Whichever Goal your characters are trying to achieve, it ought to be no more than once sentence long. Devoting paragraphs to backstory and intricate diplomacy is not encouraged. Find the idol is great. Twenty paragraphs describing the idol, those who've sought it over the years, why it's important to an obscure sect of Outlander sorcerers and so on is an appalling waste of time and effort.
Finally, a one-shot needs only one major adversary, and at most one minor adversary. This isn't the time for complicating the narrative with side-plots. The minor adversary doesn't have to be daggers drawn with the characters; it could be a rival, or some troublesome incorruptible City Watchman. This character is there to be the irritant, the foil. not the nemesis. The Villain, on the other hand, is there to chew bubblegum and kick ass, and as bubblegum hasn't been invented yet he's a bit of a monomaniac.
Incidentally for those GMs looking for Serpentine setting-specific NPC naming conventions, I recommend this resource.
With all that in mind:
Premise: a Giant Scorpion brought into Eversink to guard sorcerer Tranquilo's tower escaped and is living somewhere in the Tangle, the poorest part of the Goddess Denari's eternal city. Rumor has it that when the scorpion did a bunk it carried off Tranquilo and the wizard's famous Grimoire, and there are plenty of would-be sorcerers who'd pay good money for that book. Besides, Tranquilo won't need it any more ...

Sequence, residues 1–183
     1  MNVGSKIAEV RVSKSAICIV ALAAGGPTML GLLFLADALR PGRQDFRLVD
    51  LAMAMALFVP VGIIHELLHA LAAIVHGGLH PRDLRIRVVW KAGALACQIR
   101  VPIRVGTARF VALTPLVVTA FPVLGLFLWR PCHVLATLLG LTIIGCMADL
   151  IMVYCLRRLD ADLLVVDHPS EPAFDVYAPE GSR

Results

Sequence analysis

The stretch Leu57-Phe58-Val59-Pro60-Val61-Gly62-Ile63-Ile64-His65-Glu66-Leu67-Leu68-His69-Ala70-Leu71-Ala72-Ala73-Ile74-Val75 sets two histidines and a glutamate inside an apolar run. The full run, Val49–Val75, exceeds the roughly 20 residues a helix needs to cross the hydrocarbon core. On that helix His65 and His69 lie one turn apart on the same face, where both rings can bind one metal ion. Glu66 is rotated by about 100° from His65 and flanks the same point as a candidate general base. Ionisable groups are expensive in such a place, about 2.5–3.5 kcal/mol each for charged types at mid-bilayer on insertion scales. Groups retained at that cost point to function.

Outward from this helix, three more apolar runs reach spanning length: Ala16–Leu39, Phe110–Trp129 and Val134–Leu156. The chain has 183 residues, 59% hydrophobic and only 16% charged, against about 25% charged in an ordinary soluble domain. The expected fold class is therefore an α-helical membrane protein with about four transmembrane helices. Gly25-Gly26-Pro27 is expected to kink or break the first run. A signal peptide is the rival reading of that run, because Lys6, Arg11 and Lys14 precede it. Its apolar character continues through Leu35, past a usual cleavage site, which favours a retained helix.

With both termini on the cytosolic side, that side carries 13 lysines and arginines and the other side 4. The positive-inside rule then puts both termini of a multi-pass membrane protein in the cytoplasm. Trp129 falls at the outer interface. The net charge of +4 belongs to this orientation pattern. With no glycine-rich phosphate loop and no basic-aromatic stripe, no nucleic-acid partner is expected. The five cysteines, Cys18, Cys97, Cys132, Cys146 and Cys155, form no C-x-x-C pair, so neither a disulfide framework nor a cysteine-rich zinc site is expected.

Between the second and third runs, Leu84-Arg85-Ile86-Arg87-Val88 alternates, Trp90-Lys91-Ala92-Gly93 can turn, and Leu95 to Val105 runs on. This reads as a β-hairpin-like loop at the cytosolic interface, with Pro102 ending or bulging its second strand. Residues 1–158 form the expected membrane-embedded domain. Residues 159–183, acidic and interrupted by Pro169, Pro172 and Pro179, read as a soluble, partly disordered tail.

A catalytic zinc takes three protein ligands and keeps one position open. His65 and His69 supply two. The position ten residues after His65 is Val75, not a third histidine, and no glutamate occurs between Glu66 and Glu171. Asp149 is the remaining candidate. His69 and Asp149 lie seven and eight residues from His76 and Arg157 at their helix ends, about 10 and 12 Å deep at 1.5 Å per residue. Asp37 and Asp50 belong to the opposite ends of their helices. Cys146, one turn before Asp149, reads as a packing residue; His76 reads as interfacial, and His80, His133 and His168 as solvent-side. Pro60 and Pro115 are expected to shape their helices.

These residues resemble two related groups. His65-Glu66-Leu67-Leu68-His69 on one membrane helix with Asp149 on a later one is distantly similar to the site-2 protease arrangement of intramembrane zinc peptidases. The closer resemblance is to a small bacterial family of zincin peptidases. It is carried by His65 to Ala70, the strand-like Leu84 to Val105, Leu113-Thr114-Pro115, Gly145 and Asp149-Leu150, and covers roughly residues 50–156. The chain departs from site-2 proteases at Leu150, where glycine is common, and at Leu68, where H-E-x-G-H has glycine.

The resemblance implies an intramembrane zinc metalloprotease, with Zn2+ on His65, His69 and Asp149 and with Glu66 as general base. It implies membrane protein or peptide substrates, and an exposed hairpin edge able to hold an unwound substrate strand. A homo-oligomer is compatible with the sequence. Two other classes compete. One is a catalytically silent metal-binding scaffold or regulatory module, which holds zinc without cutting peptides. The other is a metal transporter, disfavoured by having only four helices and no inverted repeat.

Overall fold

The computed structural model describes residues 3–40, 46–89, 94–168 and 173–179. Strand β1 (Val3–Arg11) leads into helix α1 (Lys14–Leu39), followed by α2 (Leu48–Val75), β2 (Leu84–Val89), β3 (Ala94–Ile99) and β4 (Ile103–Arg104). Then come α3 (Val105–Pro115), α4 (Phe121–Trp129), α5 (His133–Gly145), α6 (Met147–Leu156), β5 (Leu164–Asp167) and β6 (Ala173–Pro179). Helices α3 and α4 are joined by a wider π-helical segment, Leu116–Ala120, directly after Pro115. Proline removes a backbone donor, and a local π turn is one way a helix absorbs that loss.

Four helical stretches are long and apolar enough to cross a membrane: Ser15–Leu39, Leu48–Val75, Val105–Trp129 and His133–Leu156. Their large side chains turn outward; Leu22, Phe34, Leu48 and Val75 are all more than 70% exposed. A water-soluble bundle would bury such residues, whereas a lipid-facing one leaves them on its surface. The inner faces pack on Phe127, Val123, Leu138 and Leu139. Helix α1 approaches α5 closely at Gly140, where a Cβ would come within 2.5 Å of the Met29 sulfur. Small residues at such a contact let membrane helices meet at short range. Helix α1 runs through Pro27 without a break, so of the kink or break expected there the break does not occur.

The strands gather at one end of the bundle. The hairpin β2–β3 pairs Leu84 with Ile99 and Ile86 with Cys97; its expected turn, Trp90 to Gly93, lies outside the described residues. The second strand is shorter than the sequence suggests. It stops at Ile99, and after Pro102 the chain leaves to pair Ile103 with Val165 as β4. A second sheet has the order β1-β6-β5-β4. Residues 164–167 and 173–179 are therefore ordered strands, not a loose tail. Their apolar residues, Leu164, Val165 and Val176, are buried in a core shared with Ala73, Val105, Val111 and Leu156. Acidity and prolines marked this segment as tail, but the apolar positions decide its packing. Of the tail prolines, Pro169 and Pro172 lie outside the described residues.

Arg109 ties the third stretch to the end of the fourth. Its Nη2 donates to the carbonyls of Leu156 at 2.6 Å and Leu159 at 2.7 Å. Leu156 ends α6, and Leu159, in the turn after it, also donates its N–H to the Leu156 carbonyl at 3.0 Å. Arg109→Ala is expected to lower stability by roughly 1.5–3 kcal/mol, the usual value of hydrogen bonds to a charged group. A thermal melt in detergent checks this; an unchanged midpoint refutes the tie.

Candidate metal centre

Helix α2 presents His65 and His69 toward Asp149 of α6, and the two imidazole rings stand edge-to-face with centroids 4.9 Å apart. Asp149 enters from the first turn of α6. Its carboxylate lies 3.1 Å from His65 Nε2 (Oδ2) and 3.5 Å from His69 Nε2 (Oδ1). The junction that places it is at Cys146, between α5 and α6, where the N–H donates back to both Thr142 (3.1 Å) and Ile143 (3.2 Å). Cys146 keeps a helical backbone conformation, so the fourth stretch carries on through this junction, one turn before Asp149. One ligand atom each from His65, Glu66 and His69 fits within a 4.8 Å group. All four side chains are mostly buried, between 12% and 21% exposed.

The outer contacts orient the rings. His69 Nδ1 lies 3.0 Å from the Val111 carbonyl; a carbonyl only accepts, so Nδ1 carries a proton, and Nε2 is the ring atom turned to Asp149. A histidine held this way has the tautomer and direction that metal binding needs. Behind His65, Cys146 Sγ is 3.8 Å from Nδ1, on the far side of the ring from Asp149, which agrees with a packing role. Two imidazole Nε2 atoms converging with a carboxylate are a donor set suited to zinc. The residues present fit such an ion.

Complication: a barbarian, Bloody-Ax Kang, is also after the scorpion, to prove his power and to make a trophy shield out of its carapace. Kang isn't much of a reader and will probably destroy the Grimoire if he finds it first.
Goal: Recover the Grimoire.
Complication to be uncovered during play: the Scorpion's pregnant, which is why it ran off; it wants somewhere peaceful to give birth and raise its brood. It's carrying a number of juveniles on its back right now, some of which might be old enough to wander around on their own.
From wikipedia: The size of a brood varies by species, from three to over 100. Before giving birth, the female elevates the front of her body and positions her pedipalps and front legs under her to catch the young. The young emerge one by one from the genital opercula, expel the embryonic membrane, if any, and are placed on the mother's back where they remain until they have gone though at least one molt. The period before the first molt is called the pro-juvenile stage; the young are unable to feed or sting, but have suckers on their tarsi, used to hold on to their mother. This period lasts 5 to 25 days, depending on the species.
Secondary Goal to be uncovered during play: kill or otherwise deal with the Scorpion's brood, before they grow and become a real threat to the Tangle.
Start with Action: the characters hear screams and see something large and black scuttling over the highest points of the Tangle. Chase scene! Bloody-Ax also saw the whatever-it-was and is in hot pursuit.
Ultimate Location? Well, that's up to the Game Master. I see it as some tumbledown slum near the Hospital (and all those tasty sick citizens) but the Tangle's a big place. She could be anywhere ...